Monday, June 6, 2011

Portrait of Joel - Textures: Trees

The rough, gnarled tree required a loose and flamboyant treatment as far as pencil strokes are concerned. Scribbles, swirls and short, sharp flicks of the pencil help to create the craggy ridges of the bark. Often, it takes me a little while to get my rhythm with textures such as these. When I begin, I am too careful, focusing too much on detail and the result is somewhat plasticky. Gradually, I loosen up, feel the flow of the subject matter and my strokes become a lot more expressive. This is a fun process. To see an impression of the tree emerge from imprecise and fluid rendering is exciting as the end result is often a happy accident, and the freedom involved with such loose applications of colour can be quite liberating.

This is where I will leave the tree, at this stage. Though the bark appears a little red for my liking and the depth of colour needs to be intensified, I will move on to the concrete and the rest of the background. The reason for this is that I will be able to judge colour and tone more accurately when I can see the tree in the context of its background. Also, focusing on one area for long periods is not the best use of time. It generally results in going around in circles or over-doing a section. I find it is much quicker to touch up the entire portrait, near the end of the project, than to persevere in the pursuit of perfection as each section is completed.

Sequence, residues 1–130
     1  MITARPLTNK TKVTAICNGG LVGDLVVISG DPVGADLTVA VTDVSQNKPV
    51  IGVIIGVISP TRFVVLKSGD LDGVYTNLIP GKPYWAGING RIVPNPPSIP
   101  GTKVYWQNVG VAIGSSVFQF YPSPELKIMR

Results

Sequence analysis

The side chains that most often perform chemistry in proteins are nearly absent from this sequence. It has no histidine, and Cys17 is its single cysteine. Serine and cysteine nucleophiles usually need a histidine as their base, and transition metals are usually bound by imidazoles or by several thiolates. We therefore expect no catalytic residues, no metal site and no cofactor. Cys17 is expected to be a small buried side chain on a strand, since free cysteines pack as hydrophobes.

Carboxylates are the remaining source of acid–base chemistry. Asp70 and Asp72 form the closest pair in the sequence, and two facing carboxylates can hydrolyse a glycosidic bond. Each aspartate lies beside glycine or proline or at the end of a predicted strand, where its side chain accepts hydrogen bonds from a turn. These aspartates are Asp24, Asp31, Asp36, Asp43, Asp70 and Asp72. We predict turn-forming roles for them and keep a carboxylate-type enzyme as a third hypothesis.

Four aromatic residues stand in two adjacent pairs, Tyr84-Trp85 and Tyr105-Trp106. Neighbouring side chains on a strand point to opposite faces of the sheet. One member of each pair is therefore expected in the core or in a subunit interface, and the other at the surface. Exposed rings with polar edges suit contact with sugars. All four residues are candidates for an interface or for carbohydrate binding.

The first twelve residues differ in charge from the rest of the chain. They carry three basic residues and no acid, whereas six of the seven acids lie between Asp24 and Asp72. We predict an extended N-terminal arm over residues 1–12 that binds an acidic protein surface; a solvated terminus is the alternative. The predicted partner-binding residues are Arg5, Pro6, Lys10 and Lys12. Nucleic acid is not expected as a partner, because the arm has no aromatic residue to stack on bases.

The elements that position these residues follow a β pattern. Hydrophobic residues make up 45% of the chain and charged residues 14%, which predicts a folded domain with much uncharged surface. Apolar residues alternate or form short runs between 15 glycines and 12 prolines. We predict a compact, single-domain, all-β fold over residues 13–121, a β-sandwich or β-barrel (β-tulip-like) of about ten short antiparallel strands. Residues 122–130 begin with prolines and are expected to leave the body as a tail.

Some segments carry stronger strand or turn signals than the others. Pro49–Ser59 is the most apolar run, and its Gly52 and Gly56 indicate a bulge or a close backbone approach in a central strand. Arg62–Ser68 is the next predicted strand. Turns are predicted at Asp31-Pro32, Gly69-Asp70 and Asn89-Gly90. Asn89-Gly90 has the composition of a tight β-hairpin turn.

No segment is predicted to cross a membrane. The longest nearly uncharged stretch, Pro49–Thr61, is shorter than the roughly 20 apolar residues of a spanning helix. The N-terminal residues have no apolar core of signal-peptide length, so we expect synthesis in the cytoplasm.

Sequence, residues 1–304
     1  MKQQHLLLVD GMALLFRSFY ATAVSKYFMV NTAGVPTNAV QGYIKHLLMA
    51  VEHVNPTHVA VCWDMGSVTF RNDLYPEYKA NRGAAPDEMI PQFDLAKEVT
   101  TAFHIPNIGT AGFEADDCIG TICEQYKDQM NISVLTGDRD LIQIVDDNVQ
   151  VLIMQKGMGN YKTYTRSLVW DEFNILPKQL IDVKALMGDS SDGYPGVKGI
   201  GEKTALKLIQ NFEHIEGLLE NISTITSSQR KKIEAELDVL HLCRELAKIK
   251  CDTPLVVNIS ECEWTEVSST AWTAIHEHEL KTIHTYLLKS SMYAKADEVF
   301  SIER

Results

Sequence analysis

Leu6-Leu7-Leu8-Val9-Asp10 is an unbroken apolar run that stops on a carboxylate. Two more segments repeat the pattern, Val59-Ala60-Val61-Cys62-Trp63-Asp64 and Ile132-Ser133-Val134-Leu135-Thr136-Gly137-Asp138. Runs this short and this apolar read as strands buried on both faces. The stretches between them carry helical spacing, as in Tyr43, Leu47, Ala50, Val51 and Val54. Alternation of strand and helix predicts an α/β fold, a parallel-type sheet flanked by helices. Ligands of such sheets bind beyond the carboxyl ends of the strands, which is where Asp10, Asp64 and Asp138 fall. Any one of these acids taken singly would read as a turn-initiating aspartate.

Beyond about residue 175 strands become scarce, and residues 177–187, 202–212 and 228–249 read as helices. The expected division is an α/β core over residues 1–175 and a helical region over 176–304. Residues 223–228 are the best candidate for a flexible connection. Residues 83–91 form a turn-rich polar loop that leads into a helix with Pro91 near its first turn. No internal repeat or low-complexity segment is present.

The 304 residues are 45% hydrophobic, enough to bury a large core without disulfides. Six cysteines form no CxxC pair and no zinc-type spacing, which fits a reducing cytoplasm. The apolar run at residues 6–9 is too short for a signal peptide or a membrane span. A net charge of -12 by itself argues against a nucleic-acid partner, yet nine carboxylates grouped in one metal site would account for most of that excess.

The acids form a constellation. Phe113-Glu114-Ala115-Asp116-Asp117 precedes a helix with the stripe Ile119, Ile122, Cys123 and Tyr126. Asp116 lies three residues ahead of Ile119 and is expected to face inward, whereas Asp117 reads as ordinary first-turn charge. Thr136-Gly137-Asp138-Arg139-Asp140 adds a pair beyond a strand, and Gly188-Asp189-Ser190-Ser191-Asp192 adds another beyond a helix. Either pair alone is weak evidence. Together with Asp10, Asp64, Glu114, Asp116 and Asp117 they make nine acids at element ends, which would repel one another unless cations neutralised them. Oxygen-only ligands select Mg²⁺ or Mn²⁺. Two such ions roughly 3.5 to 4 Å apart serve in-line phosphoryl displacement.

Here is a close-up of the tree, so far. Seeing it on the computer, gives a different perspective than when I view it on my drawing table. I'm no longer too close to see the flaws and, already, I can see only too clearly what needs to be done in the way of shadows. Realism is improved enormously once the shadows are correctly rendered, so I will probably attend to that need before I do move on to the rest of the picture.


  1. Wow, that tree's texture look quite lifelike, even though you haven't yet coloured it properly. Is it hard to get the barky look?

  2. I love watching the progression of your work, Vicky! Your work is very detailed. The tree, the folds in Joel's clothes and his expression fascinate me!

  3. Thank you, Immy, for your feedback.

    It isn't really hard to get the bark look, though you have to have the confidence to loosen up and experiment until you hit upon the right approach for that particular texture. With rough textures, it isn't so much of a risk because you don't have to be as precise as with smooth surfaces - they already look messy. xx

  4. Thank you for stopping by, Mary! I was so happy to get your comment:)

    I find it really helpful to have feedback and it's just so encouraging to have interested visitors:)

  5. Hi mum.
    I like the portrait of Joel.

    love from Melanie xo xo

  6. I am constantly amazed at how much drawing and writing have in common. I like to move onto the next part of the story and then come back and make modifications instead of trying to get each section perfect as I go. Yes, it is easier to see where modifications are needed by viewing a work as a whole.

    I am still fascinated by your developing drawing. It is appearing as if by magic!

  7. Thank you, Melanie - I appreciate your comment:)

    Sue, you're right - it is like writing. I guess it's the same with any creative process - it's a union with the Creator which requires careful cooperation on our part. Not quite so easy as it sounds, is it?;D


Thank you for reading my blog. I appreciate your comments and feedback. Vicky